It is only Easter but big retailers and mall landlords are already turning their thoughts to their deepening Christmas conundrum as the traditional shopping calendar is ripped to shreds by online retailing and global consumer events.
Events such as the American Black Friday tradition and the world’s biggest shopping extravaganza, the Chinese Singles Day, are being talked up by retail insiders as a way of giving shoppers an ”extra” reason to spend money.
But that is a difficult thing to achieve especially as static wages keep a lid on consumer exuberance. That means Boxing Day queues are much shorter than they once were.
The new events have also been triggered by the arrival of new international brands bringing their own sales calendars and events and allowing Australians to buy through the overseas websites, such as Amazon.
To illustrate the point the next big event sales days for some retailers will not be around traditional “mid-year’ discounting, rather the Autumn Moon festival in October.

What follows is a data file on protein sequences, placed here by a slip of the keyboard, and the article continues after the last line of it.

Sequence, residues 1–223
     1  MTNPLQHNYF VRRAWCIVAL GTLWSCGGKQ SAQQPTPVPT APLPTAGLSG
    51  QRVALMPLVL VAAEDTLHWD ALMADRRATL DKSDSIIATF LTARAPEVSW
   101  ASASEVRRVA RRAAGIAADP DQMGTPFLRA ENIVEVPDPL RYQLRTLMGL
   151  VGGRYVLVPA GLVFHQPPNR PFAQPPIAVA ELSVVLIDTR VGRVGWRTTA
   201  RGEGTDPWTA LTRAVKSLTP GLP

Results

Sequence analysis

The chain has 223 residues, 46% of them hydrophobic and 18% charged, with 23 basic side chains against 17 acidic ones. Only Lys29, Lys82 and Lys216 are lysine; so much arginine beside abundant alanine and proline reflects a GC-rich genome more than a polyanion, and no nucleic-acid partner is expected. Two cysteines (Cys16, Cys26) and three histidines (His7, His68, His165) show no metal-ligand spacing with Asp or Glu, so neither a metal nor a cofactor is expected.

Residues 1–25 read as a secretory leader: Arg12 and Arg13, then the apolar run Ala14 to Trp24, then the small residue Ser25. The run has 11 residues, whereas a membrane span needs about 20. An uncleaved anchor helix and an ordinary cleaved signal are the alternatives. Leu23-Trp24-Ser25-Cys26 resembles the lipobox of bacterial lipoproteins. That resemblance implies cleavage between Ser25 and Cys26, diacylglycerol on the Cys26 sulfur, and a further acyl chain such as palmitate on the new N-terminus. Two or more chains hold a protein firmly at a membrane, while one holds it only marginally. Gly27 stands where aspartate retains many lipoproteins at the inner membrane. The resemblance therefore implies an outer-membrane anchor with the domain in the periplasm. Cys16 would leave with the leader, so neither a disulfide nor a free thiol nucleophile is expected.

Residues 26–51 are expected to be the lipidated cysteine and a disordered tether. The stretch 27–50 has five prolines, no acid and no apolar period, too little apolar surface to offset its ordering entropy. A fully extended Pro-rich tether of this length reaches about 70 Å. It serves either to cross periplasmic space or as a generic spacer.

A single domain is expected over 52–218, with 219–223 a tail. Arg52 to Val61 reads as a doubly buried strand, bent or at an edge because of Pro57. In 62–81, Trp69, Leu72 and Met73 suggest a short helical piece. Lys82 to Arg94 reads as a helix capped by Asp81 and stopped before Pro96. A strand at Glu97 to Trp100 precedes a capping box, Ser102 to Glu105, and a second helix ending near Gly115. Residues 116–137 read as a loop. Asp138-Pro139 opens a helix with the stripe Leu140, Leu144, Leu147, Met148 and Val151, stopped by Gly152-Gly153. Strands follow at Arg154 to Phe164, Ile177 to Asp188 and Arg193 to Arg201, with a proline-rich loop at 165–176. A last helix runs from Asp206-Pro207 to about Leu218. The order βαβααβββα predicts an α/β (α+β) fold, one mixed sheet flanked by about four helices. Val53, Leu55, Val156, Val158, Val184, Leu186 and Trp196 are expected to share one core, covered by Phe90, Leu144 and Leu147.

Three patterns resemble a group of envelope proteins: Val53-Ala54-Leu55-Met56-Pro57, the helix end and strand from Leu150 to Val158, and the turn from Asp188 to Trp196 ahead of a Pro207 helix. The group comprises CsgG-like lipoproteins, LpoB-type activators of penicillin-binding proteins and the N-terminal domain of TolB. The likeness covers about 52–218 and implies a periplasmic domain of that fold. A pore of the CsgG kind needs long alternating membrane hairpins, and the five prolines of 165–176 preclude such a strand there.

“Given we have a very strong Asian and youth demographic, we are seeing sales periods that are quite often aligned with national holiday periods,” says Leigh Dunn, regional general manager, at GPT Group’s Melbourne Central.
“We are directing our marketing spend to supporting those events because we know that if we do it well it will create an additional spending period for retailers.”
Dunn says the events and festivals should not focus on discounting,
“It’s really around people getting together. For us, we’re constantly looking at shopping becoming the outcome not the objective.”
Bill Rooney, the chief executive of 6one5 Retail Consulting Group, says the November shopping event tsunami has pulled forward the traditional Christmas sales period.
“These big events have seen the traditional Christian retail calendar be replaced by the digital calendar,” Rooney says.
“It means the bricks and mortar retailer must now try and keep up and get in early before what was the traditional Christmas sales, which is altering our shopping habits at a rapid pace.”
Last November when Black Friday occurred Australians pumped as much as $400 million in sales through their smart devices and also at the shopping centres.